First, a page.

Originally, the Cherry Blossom Festival started when Japan gifted the United States 3,000 cherry blossom trees as a symbol of friendship. These trees were planted in March 1912, in Washington D.C., by the first ladies. They still do this to the present day. In return for the cherry blossom trees, the U.S. sent flowering dogwood trees to Japan in 1915. The first official festival did not start until 1927.
In the present day, the national festival in Washington D.C. spans four weeks (This year, it’s happening from March 20-April 14!) and is attended by 1.5 million people. It is a diverse and cultural place where people can get creative and find the beauty around them. There is also traditional and contemporary events. This is free and open to the public.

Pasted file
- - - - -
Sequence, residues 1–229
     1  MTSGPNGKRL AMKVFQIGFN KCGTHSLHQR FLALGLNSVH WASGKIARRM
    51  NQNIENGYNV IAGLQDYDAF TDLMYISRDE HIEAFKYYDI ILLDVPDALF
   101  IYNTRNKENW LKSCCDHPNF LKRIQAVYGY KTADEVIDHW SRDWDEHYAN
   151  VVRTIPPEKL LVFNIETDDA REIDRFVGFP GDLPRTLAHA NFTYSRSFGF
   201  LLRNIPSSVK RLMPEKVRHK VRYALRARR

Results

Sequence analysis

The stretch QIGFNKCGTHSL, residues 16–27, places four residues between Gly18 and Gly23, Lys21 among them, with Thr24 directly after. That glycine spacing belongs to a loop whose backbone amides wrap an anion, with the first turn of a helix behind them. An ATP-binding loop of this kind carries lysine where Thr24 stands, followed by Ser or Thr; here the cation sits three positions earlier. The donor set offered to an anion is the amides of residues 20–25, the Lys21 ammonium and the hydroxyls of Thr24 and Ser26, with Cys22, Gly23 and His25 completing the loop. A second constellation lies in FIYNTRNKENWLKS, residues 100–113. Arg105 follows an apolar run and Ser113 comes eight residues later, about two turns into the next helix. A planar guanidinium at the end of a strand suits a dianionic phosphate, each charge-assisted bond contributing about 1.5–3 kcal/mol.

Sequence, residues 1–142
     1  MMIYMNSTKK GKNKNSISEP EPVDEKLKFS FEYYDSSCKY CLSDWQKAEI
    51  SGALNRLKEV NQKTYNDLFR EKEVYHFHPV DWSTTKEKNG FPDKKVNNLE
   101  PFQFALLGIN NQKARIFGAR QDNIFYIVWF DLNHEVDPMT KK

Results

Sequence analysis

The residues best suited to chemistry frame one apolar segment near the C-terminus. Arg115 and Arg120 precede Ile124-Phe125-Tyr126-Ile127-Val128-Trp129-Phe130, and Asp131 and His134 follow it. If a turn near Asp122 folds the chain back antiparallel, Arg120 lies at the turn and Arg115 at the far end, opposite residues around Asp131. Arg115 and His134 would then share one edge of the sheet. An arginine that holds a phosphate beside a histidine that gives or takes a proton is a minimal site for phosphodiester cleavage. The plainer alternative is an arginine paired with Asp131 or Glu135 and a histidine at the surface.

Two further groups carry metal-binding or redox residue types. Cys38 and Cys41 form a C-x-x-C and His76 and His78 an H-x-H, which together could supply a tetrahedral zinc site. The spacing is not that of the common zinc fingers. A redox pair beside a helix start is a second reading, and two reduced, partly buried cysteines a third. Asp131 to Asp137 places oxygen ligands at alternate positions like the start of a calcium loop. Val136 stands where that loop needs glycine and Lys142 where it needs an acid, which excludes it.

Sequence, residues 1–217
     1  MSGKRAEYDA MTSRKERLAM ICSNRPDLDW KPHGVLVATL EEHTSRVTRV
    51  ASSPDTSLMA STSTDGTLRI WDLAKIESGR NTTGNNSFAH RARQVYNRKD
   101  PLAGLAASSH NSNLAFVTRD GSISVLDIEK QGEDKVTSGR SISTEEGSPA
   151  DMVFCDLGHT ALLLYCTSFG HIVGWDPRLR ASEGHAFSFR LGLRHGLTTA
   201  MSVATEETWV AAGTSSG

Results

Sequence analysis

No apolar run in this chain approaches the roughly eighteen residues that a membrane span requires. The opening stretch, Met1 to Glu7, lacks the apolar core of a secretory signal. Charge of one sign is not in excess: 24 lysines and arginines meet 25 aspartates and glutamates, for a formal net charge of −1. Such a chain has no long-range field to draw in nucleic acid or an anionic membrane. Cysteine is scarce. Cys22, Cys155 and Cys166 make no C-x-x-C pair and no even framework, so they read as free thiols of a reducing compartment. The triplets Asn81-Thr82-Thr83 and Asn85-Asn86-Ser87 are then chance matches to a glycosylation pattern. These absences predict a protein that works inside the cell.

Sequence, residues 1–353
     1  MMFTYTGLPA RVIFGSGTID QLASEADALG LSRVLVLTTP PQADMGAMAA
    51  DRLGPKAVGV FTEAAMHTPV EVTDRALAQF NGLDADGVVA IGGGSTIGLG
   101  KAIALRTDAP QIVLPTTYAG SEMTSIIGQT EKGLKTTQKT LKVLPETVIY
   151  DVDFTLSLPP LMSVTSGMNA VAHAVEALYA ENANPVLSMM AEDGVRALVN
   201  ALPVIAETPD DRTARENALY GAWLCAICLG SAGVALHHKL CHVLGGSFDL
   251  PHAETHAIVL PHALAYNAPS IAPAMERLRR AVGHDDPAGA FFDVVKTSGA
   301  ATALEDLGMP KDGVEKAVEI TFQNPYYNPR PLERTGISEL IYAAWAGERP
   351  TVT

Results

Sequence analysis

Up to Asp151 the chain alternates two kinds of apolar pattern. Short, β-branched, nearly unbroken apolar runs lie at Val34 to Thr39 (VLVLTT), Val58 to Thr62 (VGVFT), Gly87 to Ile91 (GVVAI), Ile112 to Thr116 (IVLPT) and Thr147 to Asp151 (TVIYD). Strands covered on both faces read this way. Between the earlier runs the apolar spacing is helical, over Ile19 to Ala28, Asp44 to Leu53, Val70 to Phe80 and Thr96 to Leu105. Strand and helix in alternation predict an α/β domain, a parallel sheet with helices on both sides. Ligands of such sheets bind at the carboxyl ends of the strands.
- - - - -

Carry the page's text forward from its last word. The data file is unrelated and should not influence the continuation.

Washington D.C. is far away from California, so a more local Cherry Blossom Festival is held in San Francisco’s Japantown every year. This year, the festival will be held from April 13-14 and April 20-21. In fact, this year is their 52nd year! They celebrate cherry trees that represent sakura in San Francisco. Here is a quote by Ariwara no Narihara (825-880 A.D), “If there were no cherry blossoms in this world, How much tranquil would our hearts be in spring. The festival is very popular and is attended by an average of 200,000 people per year. It is fun, family-friendly, and provides entertainment in the Peace Plaza. If you look to the Sakura 360 stage, Japanese culture will be celebrated. You can also see origami, bonsai trees, tea ceremonies, doll making, and much more!
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